A fresh survey shows that a substantial majority of Americans favor a Republican-controlled Senate, given the results of the national elections. Faced with the choice of full Democratic control or divided government, people select the latter option by double digits. Whether that outcome actually comes to pass is entirely in the hands of Georgia's voters. Let's take a peek at the polling result -- the margin of which is so significant that there's no way to spin it as "divided" views -- and then consider a few of its implications:
A majority of voters say they want Republicans to remain in control of the Senate in the new year after the Georgia runoff races, according to a new Harvard CAPS-Harris poll. Fifty-six percent of voters said they want a divided government with Republicans in control of the upper chamber, according to data released exclusively to The Hill. Forty-four percent of voters said they wanted Democrats to control the Senate...The races, which are set to take place Jan. 5, will determine the outcome of the Senate. The majority will have a major effect on President-elect Joe Biden’s agenda for the next two years. Democrats are set to have 48 seats in January. If they win both of the Georgia Senate seats, they would effectively have control of the Senate with Vice President-elect Kamala Harris serving as the tie breaking vote.
National polling on this question doesn't really matter because, as mentioned above, the fate of these seats gets determined by state-level electorates; one state, in this case. But given Republicans' success in Senate races across the map this cycle, it's not a surprising revelation that most Americans are hoping for divided government. The people have made that clear with their down-ballot decisions, including boosting Republicans in the House of Representatives to just shy of a majority (they're building their still-growing largest minority since the 1940s). The Harvard/Harris poll's findings also reinforce a point I've made before -- namely, that President-elect Joe Biden will enter office with no meaningful policy mandate to speak of, short of controlling the pandemic (which will be far easier, thanks to the breakthroughs achieved by Trump administration's Operation Warp Speed).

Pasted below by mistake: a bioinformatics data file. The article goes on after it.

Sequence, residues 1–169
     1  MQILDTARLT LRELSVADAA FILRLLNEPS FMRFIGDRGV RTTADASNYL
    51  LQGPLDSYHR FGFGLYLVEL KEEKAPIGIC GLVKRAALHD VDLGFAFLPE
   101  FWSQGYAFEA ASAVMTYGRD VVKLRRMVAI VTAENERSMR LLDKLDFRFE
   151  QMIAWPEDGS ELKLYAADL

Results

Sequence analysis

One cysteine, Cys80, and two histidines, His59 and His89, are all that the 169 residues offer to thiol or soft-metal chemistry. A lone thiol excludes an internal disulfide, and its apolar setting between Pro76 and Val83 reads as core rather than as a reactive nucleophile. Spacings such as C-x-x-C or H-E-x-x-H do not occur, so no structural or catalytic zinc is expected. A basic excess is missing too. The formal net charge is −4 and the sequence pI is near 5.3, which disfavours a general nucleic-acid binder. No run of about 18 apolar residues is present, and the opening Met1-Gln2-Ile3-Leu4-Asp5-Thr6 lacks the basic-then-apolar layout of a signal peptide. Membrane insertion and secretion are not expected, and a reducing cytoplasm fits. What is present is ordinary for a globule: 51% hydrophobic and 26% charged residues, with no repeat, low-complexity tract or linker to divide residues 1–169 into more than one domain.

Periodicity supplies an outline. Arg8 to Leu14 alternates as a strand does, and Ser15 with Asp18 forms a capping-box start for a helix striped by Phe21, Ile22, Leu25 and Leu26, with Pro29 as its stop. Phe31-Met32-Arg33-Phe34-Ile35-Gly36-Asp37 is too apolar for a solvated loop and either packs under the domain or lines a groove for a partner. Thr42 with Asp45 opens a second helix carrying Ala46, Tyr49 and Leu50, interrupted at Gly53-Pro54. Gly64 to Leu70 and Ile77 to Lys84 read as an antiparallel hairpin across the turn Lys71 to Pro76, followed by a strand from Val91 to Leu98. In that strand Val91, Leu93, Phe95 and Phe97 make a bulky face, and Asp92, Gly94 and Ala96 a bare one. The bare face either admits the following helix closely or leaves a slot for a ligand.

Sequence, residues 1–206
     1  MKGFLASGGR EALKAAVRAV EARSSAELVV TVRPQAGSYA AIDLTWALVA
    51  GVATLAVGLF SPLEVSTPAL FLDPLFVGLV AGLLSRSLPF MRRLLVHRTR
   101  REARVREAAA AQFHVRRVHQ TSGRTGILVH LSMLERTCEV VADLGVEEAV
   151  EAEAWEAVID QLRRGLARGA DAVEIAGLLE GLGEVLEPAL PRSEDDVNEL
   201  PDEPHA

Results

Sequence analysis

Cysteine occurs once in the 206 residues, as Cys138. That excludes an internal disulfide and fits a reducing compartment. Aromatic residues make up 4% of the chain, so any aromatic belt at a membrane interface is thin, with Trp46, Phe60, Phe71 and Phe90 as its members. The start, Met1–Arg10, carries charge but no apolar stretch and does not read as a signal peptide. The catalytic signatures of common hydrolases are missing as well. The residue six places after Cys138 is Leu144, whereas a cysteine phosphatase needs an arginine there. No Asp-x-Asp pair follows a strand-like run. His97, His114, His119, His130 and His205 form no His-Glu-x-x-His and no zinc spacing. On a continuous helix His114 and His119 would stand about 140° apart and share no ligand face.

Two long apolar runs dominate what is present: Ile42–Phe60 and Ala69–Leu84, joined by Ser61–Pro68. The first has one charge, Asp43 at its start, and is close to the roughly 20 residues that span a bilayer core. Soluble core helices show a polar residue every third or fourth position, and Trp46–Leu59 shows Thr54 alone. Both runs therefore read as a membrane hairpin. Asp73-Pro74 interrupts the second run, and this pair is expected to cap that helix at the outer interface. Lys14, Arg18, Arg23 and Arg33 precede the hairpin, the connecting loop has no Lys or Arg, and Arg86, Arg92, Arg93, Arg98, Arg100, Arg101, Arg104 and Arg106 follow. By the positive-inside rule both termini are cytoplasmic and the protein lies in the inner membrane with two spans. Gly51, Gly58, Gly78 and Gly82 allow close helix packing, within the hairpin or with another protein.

If the American people were champing at the bit for large-scale changes, they would have delivered clear Democratic majorities to Congress, in addition to electing Biden. They haven't done that at all, and the survey above confirms their intentions. Voters want some gridlock. They want checks and balances. They don't want Democratic dominance. They want to see the parties work together to hammer out modest, moderate, incremental outcomes. If the people of Georgia decide to send David Perdue and Kelly Loeffler back to the Senate, that's what the country will get. If Georgians choose to replace these conservative Senators with liberals, Democrats will wield control over the presidency, the Senate and the House, placing immense power in the hands of Kamala Harris. Yesterday, I mentioned the harebrained scheme from some fringe figures demanding that Republican voters allow Democrats to win these races as a gesture of loyalty to Trump. The president's eldest son is having none of it:
I’m seeing a lot of talk from people that are supposed to be on our side telling GOP voters not to go out & vote for @KLoeffler and @PerdueSenate.— Donald Trump Jr. (@DonaldJTrumpJr) November 23, 2020
That is NONSENSE.
IGNORE those people.
We need ALL of our people coming out to vote for Kelly & David.#MAGA #GASEN
With Socialists Bernie Sanders and AOC raising money for Warnock -- and by extension, his "running mate" Jon Ossoff -- the Left is heavily invested in Georgia. AOC has explained the stakes of these races, expressing her fond wish that Democratic majorities will allow her party to cut Republicans completely out of governing negotiations. I'll leave you with Perdue's cheeky offer to pay for AOC's flight down to the Peach State: